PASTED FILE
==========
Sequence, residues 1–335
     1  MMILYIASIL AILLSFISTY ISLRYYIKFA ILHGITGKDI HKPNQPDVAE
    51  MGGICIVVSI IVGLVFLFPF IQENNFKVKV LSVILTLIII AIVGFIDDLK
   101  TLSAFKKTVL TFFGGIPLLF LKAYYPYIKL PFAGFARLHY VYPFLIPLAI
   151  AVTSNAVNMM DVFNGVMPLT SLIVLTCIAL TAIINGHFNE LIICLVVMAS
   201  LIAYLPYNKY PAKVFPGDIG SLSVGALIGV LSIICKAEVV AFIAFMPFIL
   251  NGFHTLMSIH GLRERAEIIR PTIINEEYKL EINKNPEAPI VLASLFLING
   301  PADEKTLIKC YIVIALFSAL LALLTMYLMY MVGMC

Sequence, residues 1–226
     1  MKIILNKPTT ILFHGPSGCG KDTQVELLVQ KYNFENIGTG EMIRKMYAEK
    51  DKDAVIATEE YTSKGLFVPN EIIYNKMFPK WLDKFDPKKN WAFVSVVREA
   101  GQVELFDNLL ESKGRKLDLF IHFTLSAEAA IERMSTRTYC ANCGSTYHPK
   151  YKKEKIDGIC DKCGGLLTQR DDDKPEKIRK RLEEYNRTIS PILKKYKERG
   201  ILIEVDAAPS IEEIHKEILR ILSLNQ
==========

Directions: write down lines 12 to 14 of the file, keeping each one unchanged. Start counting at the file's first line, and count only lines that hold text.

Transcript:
   101  GQVELFDNLL ESKGRKLDLF IHFTLSAEAA IERMSTRTYC ANCGSTYHPK
   151  YKKEKIDGIC DKCGGLLTQR DDDKPEKIRK RLEEYNRTIS PILKKYKERG
   201  ILIEVDAAPS IEEIHKEILR ILSLNQ